Web3 is here, and it could not be any more seamless, convenient, smooth, fairly familiar, and yet fundamentally different.
We’ll showcase the latest web3 website. PeepEth, or just peep for short. Which as the name says is like twitter, but secured on the blockchain, with the data stored in the Inter-Planetary File System (IPFS).
That makes it decentralized, and therefore you’d expect it to be a bit rubbish, with ’95 designs and dial-up speeds. But this is ethereum, where things actually work, and not just work, but are usually better than even centralized alternatives.
In the case of peep, that “better” is necessarily subjective. It is better in that you control the data, so technically there is not necessarily one peep, there can be thousands of peeps competing with each other.
While in traditional likewise services, you can’t just pack your bags and leave twitter. You’d have to start from scratch if you wished to do so.
That’s because an implicit Faustian bargain of sorts has been made between the public and the big four: Google, Facebook, Twitter and Reddit. They provide us free services, free server space, while they take from us all our knowledge and control our knowledge to a great extent.
For their proprietary close source super complex algorithms can decide what you see and what you don’t see by giving prominence to some contents while potentially not showing at all some others.
This has worked fine so far because they were new and fresh, but power corrupts, and absolute power corrupts absolutely. The big four are thus now flexing their muscles.
The worst of it all here is that you don’t even know if they have abused their power. Sometime, of course, things come to the forefront, but that can be the very tip of the iceberg.
Because if their algorithm was tweaked to say give diminished visuality to crypto contents, such as Trustnodes news, there is no way to actually know they did do so because there is no way to know what you don’t see.
Our example might seem like a soft choice, but think of war and peace, think of elections, think of a revolutionary idea of the kind e puo si muove. If mainstream corporate media ignores a certain thing, if social media algo is tweaked to ignore a certain thing, then did that thing happen and would anyone know it did happen?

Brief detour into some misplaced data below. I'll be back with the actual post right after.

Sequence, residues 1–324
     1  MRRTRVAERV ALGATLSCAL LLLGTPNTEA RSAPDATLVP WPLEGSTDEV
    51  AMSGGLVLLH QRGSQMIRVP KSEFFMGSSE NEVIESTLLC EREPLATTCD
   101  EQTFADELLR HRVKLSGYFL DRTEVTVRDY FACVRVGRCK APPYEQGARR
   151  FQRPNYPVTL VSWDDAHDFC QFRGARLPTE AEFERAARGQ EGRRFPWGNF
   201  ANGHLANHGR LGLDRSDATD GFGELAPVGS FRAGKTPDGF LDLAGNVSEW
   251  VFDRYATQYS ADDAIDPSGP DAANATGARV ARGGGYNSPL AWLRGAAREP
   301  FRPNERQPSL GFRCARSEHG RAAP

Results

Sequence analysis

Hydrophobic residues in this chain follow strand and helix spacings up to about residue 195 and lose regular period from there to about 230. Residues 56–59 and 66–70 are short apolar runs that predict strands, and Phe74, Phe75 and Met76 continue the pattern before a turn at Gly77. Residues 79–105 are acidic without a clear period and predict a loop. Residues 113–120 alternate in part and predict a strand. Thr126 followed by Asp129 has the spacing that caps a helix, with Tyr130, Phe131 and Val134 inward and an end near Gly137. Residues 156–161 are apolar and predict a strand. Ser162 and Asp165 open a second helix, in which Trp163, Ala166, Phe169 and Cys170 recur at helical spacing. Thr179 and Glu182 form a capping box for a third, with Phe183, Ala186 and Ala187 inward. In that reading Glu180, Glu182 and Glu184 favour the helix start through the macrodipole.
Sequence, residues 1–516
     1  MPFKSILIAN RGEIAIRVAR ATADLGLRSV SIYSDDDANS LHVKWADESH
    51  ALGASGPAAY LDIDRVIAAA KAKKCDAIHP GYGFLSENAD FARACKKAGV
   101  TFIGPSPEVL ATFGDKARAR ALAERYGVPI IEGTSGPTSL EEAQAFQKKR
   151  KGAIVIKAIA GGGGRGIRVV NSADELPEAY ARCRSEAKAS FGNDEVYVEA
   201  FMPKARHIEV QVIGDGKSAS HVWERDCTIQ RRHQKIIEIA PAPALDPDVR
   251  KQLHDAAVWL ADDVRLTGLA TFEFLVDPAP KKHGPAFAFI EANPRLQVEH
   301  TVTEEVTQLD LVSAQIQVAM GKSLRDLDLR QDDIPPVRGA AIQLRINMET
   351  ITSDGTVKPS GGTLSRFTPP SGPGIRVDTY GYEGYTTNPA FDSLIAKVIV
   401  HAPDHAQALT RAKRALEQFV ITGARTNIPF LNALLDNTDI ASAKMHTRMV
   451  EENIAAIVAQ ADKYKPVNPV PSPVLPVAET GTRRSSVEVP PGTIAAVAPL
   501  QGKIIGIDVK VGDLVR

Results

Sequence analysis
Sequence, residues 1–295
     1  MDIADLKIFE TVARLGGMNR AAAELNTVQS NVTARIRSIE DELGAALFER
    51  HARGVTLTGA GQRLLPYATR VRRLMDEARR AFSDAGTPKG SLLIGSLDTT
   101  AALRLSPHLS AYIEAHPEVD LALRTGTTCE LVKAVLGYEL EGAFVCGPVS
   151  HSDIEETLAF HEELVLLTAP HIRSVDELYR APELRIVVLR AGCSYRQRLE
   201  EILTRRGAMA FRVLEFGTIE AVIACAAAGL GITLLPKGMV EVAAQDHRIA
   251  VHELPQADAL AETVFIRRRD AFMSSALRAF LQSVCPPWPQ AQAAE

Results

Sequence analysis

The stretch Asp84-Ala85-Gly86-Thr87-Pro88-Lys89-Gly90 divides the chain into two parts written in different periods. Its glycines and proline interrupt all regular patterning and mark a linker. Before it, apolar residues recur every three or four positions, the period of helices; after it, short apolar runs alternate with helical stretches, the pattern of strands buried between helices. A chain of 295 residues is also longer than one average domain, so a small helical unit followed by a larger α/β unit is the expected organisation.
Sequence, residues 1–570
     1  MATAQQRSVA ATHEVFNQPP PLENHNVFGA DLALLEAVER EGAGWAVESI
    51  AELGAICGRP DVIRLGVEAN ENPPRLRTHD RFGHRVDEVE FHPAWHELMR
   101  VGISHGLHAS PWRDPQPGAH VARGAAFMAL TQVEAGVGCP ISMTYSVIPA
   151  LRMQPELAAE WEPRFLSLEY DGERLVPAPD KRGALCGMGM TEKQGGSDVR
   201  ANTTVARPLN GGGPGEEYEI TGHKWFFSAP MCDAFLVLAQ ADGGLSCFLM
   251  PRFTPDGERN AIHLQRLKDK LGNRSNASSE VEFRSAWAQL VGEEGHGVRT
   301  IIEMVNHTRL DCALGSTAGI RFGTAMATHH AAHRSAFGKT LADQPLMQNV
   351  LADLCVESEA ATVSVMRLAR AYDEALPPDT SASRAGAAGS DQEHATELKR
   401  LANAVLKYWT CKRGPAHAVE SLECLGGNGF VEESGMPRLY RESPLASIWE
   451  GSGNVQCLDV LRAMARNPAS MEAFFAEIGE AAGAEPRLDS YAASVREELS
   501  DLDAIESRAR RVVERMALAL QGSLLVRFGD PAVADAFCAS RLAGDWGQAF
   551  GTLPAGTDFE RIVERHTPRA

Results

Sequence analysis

We’d rather not find out the answer, which is why it has now become a matter of urgency for these platforms to be turned from private corporations to public commons through a decentralized ownership of the people and their own dispersed servers.
Yet that comes at a tiny cost as the servers here are not free for the network needs to be secured and for that you need monetary incentives. A penny each, from millions, thus pays for our commons.
That’s the welcoming screen after we received an invite and the web3 backend checked we have metamask installed with some eth in it.
So now we can start the sign-up process, which isn’t really much different from any web2 sign-up, with the website responding very fast, without any errors, and generally being very usable.
We’re clearly a very early adopter. Less than 1,000 individuals signed up at this stage. That has benefits, the main one being the audience is sort of self-selective, so you’d expect them to be of higher intelligence and probably a bit cooler in some way because the September effect is far from here.
It also has potential drawbacks in that you might be investing your time in something that might not catch on, not to mention that the limited audience means limited impact, although the quality of the audience can matter in that equation.